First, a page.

As in so many other individual and collective practices, activating character strengths in the classroom has been shown to have a profound and positive impact on engagement, performance, and learning. While there are curricular resources and professional learning programs to help educators establish strengths-based cultures in classrooms, schools and districts, teachers can take simple actions to begin to establish a strengths-based classroom with their students.
To begin exploring strengths right away, consider these examples in each of the four critical teaching domains.
Domain 1: Planning and Preparation
Demonstrating knowledge of students is key to effective planning and preparation. When reflecting on students, it can be easy to fall into a deficit-based perspective, focusing on their shortcomings. Consider what it might look like to plan for instruction based on what’s strong with students, not what is wrong with students. For instance, how can instruction be planned to build on strengths such as curiosity, kindness or judgment?
Take Action: Typically, as an an educator, you plan instruction for your students. Consider co-planning with students by sharing a proposed assignment and inviting students to modify the activity to engage their signature strengths.
Domain 2: Classroom Environment
An effective learning environment is one that is infused with respect and rapport. A strengths-based perspective is grounded in two key principles. First, it involves an appreciation that everyone possesses all 24 universally valued VIA character strengths. At the same time, every individual has a a profile of strengths that is unique to him or her. Acknowledging these principles and creating a shared language of strengths in the classroom is an excellent way to develop authentic respect and rapport.
Take Action: When you provide feedback to students, take a moment to consider what strength they might be exhibiting and embed that in your interaction, e.g. "Wow! Your attention to detail in the format, content and delivery of this presentation really exhibits your strength of appreciation of beauty and excellence." This specificity will make the feedback more powerful and will reinforce strengths-based language in the classroom.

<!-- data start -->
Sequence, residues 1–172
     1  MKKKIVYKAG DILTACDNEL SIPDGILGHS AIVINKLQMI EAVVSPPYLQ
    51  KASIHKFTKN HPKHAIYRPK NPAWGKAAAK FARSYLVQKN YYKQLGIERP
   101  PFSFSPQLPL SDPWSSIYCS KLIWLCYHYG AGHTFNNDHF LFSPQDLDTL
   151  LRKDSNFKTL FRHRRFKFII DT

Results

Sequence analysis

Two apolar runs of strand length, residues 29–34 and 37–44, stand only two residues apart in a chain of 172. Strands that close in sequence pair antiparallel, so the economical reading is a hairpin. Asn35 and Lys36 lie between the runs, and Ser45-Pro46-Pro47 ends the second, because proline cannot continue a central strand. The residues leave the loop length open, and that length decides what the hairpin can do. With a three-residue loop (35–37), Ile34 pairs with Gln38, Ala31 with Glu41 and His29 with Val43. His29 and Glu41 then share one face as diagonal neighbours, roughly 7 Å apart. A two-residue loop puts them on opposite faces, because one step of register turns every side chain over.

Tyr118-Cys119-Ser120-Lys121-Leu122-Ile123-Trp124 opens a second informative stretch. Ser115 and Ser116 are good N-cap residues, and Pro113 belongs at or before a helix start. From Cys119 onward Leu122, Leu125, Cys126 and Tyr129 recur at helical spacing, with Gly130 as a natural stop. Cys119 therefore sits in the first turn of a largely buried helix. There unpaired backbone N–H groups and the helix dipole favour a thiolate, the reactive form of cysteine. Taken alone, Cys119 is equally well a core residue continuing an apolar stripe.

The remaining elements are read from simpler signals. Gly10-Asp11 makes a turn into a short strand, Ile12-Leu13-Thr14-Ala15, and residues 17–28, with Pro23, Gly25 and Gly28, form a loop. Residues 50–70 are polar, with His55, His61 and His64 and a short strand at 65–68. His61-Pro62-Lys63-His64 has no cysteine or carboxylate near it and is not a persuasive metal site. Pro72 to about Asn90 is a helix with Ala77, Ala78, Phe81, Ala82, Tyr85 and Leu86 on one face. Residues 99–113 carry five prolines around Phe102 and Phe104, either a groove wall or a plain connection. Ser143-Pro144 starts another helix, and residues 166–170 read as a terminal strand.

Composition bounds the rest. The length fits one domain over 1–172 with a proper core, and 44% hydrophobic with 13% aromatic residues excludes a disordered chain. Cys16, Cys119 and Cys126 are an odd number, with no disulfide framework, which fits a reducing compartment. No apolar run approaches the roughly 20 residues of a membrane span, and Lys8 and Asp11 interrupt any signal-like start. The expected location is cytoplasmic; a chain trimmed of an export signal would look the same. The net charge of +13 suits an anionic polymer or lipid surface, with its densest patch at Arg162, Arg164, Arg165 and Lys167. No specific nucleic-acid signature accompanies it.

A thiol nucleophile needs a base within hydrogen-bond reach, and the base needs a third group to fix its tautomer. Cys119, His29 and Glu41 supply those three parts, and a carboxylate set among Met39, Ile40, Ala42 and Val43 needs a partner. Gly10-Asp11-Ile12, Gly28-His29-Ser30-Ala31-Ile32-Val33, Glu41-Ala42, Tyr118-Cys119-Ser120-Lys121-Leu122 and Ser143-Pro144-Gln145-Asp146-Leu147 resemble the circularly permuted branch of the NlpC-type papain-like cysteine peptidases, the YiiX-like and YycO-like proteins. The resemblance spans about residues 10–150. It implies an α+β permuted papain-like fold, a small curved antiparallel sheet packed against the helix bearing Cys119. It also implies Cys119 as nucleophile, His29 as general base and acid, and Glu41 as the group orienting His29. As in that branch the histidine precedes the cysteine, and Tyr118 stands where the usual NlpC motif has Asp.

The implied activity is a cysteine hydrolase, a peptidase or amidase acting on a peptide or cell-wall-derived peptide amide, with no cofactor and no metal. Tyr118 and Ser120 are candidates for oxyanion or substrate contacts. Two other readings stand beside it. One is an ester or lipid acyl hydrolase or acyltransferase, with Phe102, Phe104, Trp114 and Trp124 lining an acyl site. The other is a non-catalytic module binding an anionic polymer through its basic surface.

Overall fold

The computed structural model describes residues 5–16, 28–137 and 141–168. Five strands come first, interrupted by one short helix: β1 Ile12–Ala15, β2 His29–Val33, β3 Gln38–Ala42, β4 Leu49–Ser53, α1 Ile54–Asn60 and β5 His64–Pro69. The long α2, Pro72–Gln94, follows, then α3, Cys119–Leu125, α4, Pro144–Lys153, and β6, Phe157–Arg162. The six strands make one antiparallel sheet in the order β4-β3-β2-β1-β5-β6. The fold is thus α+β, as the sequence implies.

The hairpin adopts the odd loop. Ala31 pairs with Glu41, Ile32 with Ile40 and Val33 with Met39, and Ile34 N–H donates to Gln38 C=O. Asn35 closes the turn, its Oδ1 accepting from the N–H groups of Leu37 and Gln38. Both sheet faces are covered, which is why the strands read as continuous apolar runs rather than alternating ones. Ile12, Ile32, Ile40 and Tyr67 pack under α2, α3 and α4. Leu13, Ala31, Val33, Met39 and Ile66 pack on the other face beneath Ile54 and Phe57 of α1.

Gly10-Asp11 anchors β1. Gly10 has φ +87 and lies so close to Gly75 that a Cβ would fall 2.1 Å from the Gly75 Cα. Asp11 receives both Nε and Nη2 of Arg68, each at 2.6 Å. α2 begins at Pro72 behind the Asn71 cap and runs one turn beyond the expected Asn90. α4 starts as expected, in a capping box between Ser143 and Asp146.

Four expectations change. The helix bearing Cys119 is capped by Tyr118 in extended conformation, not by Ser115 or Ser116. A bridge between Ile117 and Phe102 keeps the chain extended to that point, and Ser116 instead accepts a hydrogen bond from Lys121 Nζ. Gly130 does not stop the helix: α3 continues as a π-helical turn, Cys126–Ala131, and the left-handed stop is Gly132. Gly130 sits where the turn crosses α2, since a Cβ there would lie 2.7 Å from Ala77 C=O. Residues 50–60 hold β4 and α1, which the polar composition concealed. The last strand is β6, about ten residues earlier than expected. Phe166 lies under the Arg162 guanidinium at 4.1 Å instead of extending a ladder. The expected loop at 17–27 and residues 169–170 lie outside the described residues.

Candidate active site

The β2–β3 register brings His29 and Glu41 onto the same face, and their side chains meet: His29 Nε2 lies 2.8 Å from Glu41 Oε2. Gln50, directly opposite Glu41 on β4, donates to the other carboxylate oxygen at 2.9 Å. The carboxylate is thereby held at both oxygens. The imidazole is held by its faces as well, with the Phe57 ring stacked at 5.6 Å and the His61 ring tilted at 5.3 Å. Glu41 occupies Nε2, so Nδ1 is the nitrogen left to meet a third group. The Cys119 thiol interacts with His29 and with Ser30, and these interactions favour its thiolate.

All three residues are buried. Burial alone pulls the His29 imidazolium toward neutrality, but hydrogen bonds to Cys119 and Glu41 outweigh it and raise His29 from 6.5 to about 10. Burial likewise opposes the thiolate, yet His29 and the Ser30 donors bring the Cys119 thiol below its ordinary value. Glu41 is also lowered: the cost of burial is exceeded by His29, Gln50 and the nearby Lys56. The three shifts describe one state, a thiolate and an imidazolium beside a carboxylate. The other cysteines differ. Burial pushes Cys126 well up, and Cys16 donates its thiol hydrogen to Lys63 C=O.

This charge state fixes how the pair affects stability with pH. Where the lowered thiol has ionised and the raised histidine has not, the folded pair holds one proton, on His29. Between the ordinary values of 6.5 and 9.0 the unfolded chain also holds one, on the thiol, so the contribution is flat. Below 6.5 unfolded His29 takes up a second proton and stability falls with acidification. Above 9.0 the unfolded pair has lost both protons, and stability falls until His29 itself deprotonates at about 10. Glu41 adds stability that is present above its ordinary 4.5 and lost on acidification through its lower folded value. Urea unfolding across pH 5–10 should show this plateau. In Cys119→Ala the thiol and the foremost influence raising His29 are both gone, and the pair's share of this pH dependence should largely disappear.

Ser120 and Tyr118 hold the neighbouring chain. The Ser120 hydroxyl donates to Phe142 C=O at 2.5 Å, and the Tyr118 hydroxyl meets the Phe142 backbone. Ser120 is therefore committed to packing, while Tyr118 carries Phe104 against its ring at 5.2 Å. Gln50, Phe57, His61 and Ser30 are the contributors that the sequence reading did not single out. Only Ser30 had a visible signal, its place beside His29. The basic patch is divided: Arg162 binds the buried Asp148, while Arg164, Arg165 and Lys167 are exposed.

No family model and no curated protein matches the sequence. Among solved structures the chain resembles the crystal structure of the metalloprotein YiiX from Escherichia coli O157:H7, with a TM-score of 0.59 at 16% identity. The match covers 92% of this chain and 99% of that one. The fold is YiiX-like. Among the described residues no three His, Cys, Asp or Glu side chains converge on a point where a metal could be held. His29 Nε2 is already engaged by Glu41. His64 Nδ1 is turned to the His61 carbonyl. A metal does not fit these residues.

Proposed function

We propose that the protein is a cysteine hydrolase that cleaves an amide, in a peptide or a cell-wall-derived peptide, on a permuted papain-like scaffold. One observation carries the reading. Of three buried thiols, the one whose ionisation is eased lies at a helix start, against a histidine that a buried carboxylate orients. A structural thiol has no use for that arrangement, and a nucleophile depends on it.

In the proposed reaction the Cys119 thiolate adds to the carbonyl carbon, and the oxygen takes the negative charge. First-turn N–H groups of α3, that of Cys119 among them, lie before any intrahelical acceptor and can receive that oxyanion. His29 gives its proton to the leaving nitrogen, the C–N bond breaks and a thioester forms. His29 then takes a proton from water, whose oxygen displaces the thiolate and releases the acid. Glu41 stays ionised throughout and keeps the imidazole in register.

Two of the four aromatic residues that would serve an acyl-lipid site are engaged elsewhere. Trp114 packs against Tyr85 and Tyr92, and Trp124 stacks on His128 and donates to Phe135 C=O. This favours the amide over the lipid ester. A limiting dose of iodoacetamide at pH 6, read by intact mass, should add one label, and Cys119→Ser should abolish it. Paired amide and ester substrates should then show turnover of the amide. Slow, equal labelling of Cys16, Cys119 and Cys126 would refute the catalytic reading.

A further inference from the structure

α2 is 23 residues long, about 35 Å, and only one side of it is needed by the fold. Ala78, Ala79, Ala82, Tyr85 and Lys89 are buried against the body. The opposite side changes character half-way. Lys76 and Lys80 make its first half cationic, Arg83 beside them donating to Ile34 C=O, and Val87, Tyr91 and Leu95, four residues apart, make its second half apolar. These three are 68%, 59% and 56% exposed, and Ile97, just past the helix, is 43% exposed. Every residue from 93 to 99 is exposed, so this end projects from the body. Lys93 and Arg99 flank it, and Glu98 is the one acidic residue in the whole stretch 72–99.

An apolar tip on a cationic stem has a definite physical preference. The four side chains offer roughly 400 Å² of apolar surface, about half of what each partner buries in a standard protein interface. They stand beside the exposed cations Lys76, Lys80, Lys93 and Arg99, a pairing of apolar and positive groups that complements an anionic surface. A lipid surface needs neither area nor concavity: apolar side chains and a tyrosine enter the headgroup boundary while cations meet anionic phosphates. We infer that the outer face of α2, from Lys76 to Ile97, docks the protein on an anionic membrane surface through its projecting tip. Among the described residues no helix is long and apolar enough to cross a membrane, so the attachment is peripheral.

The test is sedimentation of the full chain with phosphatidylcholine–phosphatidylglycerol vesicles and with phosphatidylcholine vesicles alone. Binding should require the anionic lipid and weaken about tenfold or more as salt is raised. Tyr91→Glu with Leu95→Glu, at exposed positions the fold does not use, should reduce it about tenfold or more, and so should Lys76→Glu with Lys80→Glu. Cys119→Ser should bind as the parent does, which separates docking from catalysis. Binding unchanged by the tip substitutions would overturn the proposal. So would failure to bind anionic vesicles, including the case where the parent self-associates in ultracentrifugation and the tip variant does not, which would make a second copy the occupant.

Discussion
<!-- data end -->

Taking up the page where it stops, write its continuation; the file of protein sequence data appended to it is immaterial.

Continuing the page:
Domain 3: Instruction
Students learn when they are engaged. When you activate your unique character strengths, engagement is maximized. Making sure that students have regular opportunities to utilize their unique strengths, with open-ended learning opportunities, classroom roles, extracurricular activities, etc. will ensure their engagement and their learning.
Take Action: Parent conferences can be tremendous learning opportunities. Consider having students lead the conference by talking about their strengths and how they have used them in the past and how they want to explore them in future learning experiences.
Domain 4: Professional Responsibilities
This domain encompasses a range of activities including personal reflection, growth and development. Before you can help activate strengths in someone else, it is essential to know how to maximize your own engagement, learning and performance by activating personal character strengths. When thinking about areas in which performance or engagement is less than ideal, consider how dialing up or dialing down strengths might change outcomes.
Take Action: If you participate on a team or committee, consider beginning your next meeting by appreciating the strengths of the individuals present or possibly having each participant recognize the strength of a student they worked with in the past week.
The possibilities for creating a strengths-based culture in your classroom are endless! You can start with small activities and interventions to get yourself and your students acquainted with strengths and their benefits. When you are ready to go deeper, visit the Mayerson Academy website to learn about Thriving Learning Communities, comprehensive character strength curriculum guides, services and resources.